Please refer to JazzTimes’ article.Go here

Here is “Brother Jazz”

Here is The heath brothers play “smilin’ billy suite part 1”.

Here is the footage from the recording session “Endurance”.

Here’s the another footage from the recording session “Endurance”.





Jimmy Heath(4)

October 27, 2016


Today I will post his activities after getting out of prison.

In 1959 he was paroled.

Until then Heath had joined as a sideman, including sides with Gillespie, Miles, J. J. Johnson and Kenny Dorham.

But he had not recorded an album under his own name.


Jimmy Heath and Orrin Keepnews [Photo from Jazztimes]

Jimmy Heath was contracted with Orrin Keepnews through Kenny Dorham ‘s help.

In September 1959 Orrin Keepnews produced his debut album “The Thumper”.

Then he had recording with Freddie Hubbard, Wynton Kelly, and other top players at that time in Riverside label.

He made the six albums as a leader for the label between 1959 and 1964.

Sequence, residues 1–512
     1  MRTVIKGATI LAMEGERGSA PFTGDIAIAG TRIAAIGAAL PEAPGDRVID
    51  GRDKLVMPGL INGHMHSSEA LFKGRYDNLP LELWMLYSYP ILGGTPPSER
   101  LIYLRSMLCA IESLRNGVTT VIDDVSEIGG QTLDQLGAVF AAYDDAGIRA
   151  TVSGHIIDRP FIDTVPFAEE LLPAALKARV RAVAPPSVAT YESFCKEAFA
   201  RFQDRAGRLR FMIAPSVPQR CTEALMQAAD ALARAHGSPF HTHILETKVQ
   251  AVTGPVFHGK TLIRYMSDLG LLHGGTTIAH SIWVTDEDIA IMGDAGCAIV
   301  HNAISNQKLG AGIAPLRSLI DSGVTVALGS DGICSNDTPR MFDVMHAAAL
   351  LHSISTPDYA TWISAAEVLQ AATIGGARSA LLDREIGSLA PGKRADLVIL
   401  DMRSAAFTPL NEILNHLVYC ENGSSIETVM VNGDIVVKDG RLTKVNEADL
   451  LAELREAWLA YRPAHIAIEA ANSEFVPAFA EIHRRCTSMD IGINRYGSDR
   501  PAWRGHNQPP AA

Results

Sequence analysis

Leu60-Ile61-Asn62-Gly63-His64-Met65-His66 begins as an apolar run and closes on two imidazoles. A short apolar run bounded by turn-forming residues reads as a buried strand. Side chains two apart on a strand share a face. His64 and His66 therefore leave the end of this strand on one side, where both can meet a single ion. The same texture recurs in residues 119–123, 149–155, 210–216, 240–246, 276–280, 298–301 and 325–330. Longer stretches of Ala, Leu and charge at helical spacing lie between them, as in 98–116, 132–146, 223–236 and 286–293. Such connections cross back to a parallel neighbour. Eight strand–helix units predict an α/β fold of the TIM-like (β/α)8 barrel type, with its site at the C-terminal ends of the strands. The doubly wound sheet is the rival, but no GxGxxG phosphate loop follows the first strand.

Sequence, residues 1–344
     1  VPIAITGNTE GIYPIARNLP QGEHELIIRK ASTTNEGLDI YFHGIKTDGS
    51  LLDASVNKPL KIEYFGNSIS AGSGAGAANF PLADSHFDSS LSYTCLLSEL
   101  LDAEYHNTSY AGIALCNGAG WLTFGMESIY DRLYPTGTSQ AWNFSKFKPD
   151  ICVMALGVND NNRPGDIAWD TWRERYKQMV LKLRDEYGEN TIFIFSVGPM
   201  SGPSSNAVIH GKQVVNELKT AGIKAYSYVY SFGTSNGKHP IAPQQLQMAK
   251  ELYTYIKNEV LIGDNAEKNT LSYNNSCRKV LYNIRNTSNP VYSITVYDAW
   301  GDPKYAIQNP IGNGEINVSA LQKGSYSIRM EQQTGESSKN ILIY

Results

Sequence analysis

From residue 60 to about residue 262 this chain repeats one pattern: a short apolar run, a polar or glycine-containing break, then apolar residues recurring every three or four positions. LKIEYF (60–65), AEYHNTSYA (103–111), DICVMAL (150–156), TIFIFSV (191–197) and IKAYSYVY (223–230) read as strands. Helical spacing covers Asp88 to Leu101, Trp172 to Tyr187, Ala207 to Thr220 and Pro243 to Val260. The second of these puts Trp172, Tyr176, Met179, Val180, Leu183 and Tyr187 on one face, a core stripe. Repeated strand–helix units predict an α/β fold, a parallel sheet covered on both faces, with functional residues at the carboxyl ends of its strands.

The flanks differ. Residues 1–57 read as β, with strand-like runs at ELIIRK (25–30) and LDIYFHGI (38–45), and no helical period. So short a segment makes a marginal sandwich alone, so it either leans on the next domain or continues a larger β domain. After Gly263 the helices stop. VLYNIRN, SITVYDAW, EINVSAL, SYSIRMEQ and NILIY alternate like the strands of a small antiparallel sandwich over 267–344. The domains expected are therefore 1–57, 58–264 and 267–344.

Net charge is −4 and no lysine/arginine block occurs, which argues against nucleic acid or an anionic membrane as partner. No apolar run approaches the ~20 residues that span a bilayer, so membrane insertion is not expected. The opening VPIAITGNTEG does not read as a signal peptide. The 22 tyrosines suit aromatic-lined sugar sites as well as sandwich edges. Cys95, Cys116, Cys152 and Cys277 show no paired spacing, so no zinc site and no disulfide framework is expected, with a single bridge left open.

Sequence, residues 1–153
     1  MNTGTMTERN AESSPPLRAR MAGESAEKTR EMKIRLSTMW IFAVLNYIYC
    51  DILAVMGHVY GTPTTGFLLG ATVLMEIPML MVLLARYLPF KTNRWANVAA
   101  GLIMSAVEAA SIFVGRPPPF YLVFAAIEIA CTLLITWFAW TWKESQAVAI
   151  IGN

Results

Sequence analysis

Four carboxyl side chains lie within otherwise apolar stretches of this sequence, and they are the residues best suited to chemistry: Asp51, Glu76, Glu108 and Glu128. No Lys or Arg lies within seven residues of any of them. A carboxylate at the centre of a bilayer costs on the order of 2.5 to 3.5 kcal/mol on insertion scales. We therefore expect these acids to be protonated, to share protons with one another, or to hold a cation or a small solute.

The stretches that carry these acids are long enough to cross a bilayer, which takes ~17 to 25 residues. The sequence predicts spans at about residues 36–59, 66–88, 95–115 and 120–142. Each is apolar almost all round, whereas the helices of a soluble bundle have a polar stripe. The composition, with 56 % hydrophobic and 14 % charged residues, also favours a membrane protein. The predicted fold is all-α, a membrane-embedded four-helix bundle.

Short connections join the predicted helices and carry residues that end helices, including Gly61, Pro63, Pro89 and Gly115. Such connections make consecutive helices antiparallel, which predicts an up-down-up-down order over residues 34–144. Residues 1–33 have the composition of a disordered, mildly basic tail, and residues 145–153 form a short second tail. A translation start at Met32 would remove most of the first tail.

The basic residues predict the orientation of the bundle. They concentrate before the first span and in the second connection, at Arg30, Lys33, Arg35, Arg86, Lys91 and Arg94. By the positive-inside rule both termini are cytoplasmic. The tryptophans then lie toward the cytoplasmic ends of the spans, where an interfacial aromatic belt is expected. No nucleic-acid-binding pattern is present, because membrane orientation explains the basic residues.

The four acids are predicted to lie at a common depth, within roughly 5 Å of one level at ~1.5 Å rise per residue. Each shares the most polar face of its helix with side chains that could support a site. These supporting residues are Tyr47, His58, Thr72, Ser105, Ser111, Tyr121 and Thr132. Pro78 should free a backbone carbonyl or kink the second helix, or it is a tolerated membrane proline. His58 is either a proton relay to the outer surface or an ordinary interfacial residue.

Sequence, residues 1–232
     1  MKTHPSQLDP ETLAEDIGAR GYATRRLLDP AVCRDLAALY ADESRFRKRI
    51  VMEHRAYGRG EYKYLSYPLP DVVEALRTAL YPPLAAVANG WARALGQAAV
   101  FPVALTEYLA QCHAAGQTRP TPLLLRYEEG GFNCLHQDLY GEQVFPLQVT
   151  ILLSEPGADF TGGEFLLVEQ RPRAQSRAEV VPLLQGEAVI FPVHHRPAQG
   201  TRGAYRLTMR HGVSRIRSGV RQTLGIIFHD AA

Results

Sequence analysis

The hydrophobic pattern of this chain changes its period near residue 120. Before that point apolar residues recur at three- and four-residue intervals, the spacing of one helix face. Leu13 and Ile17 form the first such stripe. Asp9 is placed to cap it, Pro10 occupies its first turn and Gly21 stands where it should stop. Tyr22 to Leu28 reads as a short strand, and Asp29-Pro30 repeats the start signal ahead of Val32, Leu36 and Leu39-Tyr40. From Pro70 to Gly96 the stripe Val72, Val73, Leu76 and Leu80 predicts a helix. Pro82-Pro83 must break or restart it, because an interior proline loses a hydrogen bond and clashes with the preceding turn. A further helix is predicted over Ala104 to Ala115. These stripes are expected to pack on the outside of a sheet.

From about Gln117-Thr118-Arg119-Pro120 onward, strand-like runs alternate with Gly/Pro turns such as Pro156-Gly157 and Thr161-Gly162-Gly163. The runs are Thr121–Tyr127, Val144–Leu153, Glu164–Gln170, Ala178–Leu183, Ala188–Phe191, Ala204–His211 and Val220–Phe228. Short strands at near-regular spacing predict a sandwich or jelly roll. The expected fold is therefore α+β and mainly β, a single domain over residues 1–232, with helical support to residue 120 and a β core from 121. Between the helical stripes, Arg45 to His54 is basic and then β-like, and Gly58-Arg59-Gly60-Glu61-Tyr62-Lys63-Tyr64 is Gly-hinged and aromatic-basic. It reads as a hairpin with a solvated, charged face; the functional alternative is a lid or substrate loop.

Orrin Keepnews said about Jimmy Heath.

I quoted “Orrinology” from Jazztimes[March 2005].

“I’ve known Jimmy Heath since 1960. Kenny Dorham told me that Little Bird was coming to New York and I had to sign him! He wasn’t asking me, he was telling me. It turned out that Jimmy, whose reputation back then was that he was a damn good writer, had the ability to write quick charts for small groups. I put him right up there in this ability with Benny Golson.”

Here is Jimmy Heath Sextet play “For Minors Only”.

Here is Jimmy Heath and his big band play “Big ”P’’”.

Here is Jimmy Heath sextet play ” When Sunny Gets Blue ”

Here is Jimmy Heath sextet play “Gemini”.

Here is Jimmy Heath and Herbie Hancock with Brass play “Wall to Wall”.

Here is Jimmy Heath quintet play “Gingerbread Boy”.

Jimmy Heath(3)

October 26, 2016
Jimmy Heath and friends at a session at New York's WOR Studios in 1953. Left to right: Miles Davis, Kenny Drew, Art Blakey, Jimmy Heath. Temple University Press / Jimmy Heath collection

Jimmy Heath and friends at a session at New York’s WOR Studios in 1953. Left to right: Miles Davis, Kenny Drew, Art Blakey, Jimmy Heath.
Temple University Press